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Much of my research life--the papers (there were so many), the books, the drafts--is now off to be melted down, or whatever they do at recycling plants, and made into new paper.
When protons start colliding next month at CERN's Large Hadron Collider, Turkish particle physicist Bilge Demirköz will make sure physicists see what happens.
Do acculturation experiences give scientists from atypical backgrounds an
advantage in an era of team science?
America needs more science writers of color just as it needs more scientists of color--but are they likely to be able to make a living in a declining industry?
Our tiny sample of African-American women reveals brilliance, scientific ambition, and anecdotal evidence of progress in the fight against ethnic and gender discrimination.
Gina Wingood, a black Catholic woman raised in a white suburb, found love and her calling in San Francisco's ghettos talking condoms, sex, and ethnic pride.
Chemical engineer Kristala Jones Prather's work creating chemical factories inside microbes has taken her from academia to industry and back again.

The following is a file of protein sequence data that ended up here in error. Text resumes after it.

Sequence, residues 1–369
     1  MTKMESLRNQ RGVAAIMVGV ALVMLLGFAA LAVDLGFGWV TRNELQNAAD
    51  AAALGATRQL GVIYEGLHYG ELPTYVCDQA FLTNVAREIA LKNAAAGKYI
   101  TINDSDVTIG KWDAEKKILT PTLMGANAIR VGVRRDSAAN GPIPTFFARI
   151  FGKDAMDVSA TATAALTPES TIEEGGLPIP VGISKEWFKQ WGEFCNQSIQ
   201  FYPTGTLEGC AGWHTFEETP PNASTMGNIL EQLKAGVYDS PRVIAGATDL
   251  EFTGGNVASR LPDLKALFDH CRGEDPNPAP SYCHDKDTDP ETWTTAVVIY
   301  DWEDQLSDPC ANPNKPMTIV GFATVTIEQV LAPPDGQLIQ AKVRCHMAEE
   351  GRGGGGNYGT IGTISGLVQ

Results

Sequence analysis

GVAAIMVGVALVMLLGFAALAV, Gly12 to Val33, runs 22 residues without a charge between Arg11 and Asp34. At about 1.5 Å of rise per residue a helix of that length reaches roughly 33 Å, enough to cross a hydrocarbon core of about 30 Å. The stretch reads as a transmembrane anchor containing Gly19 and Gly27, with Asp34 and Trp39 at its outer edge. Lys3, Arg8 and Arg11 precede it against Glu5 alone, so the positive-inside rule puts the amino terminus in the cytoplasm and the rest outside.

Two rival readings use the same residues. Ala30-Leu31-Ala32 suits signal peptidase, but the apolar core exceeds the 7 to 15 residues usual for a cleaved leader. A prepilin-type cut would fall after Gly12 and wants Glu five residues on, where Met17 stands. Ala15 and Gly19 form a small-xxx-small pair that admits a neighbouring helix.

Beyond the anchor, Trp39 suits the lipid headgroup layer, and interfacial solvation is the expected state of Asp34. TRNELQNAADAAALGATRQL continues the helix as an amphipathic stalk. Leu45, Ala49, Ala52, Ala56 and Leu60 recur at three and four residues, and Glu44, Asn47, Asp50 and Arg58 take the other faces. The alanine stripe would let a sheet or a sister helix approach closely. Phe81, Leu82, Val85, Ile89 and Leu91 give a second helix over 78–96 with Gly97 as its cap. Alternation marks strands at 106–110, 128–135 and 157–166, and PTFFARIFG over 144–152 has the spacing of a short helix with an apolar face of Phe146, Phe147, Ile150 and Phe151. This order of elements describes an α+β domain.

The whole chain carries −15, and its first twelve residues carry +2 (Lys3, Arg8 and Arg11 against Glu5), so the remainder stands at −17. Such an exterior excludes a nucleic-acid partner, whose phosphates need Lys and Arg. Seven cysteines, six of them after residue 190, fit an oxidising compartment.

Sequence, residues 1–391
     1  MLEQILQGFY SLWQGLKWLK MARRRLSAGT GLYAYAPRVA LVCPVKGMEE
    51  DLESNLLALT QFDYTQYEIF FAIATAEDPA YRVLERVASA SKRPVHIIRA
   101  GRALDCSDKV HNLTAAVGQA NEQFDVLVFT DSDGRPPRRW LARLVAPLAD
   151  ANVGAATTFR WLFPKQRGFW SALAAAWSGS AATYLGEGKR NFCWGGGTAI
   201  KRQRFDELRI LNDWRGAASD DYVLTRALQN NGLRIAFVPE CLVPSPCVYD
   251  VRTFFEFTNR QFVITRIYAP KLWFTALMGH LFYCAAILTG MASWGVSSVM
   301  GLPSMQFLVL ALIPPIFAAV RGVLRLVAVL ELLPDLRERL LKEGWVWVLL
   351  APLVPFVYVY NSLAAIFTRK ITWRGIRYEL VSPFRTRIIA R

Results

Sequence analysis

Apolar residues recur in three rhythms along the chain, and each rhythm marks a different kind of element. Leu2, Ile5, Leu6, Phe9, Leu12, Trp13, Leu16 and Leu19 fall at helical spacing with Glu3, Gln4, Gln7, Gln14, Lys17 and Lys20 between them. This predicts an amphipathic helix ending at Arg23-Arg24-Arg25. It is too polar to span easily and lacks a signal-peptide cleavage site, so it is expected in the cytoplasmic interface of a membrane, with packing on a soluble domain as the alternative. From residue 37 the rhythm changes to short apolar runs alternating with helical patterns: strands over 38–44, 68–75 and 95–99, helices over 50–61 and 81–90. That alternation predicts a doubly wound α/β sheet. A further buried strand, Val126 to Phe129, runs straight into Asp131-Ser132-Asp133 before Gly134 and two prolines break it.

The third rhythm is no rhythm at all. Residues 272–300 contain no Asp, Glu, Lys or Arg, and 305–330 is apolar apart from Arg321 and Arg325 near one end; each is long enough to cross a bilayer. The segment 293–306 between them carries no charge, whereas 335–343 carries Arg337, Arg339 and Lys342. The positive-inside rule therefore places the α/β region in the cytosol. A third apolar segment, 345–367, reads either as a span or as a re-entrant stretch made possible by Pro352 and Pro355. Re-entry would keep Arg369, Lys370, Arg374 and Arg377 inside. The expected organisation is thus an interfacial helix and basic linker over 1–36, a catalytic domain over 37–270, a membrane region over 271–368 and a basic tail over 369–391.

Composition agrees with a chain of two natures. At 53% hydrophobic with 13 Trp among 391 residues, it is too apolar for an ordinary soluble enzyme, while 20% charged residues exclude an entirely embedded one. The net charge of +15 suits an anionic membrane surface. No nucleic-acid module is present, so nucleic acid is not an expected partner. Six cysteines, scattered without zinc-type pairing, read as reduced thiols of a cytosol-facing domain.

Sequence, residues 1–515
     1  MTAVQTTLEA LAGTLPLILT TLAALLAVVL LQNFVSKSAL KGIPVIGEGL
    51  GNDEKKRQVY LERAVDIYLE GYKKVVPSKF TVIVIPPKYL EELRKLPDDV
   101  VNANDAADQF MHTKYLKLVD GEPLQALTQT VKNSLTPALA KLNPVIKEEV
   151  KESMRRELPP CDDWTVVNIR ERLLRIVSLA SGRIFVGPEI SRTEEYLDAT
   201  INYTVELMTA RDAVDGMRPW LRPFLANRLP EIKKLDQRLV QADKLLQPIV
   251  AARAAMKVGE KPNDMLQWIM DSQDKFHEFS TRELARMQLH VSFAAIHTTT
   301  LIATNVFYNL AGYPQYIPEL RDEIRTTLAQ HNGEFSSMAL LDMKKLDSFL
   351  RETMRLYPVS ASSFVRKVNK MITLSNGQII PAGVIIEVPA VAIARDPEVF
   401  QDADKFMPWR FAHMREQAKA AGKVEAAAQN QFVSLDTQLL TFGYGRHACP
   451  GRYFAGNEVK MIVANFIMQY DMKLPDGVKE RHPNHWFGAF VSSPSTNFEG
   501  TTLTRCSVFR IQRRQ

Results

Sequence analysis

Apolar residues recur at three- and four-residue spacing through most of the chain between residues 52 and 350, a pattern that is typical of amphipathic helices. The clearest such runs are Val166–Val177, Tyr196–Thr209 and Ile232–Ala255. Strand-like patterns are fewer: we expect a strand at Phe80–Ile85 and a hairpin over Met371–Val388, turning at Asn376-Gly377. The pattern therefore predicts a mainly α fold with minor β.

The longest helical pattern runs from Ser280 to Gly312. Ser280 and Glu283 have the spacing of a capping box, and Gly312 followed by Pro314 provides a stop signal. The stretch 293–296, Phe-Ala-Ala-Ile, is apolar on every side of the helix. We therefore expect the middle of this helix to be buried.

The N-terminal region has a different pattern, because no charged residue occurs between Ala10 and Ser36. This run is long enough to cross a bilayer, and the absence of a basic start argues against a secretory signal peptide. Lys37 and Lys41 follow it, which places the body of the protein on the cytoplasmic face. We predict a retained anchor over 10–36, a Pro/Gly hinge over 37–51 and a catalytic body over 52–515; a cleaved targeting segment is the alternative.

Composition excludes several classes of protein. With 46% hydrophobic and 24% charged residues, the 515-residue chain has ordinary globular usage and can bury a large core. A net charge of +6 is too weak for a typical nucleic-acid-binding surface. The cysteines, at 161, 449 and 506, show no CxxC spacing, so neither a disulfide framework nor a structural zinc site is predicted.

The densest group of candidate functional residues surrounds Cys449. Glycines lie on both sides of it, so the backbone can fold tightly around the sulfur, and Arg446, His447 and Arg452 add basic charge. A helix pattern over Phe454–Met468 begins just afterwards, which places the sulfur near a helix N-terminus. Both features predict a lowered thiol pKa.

Minority women in European science must struggle daily to confront an issue that remains taboo.
Between them, Terrill Tops and Dorkina Myrick have two careers, three doctoral degrees, and one life together.
Maggie Aderin-Pocock's passion for science and space drives her career and public outreach.
Cultivating and nurturing your mentoring relationships are essential, particularly in the complex landscape of clinical and translational research.
Regan Theiler balances her clinical work in the delivery room with lab research on infectious diseases.
Despite a remarkable talent, Cecilia Aragon lacked the confidence she needed to be a scientist. And then she learned to fly.
With the right support, it is possible to succeed in science after a family-related hiatus.
A career adviser offers tips on writing a critical piece of your graduate school application.
A mother of three and winner of a European Research Council starting grant, Michal Sharon has managed to have both a family and a scientific career.
Dropping off an infant at daycare is very stressful for new mothers returning to work.
Like a biologist's microscope or a geographer's global positioning system, assistive technologies allow scientists and engineers to extend their capabilities.
With assists from technology -- sometimes high and sometimes low -- these scientists are overcoming obstacles and getting their work done.
On returning to work, new mothers can minimize stress and maximize productivity by adapting to their new and different circumstances.
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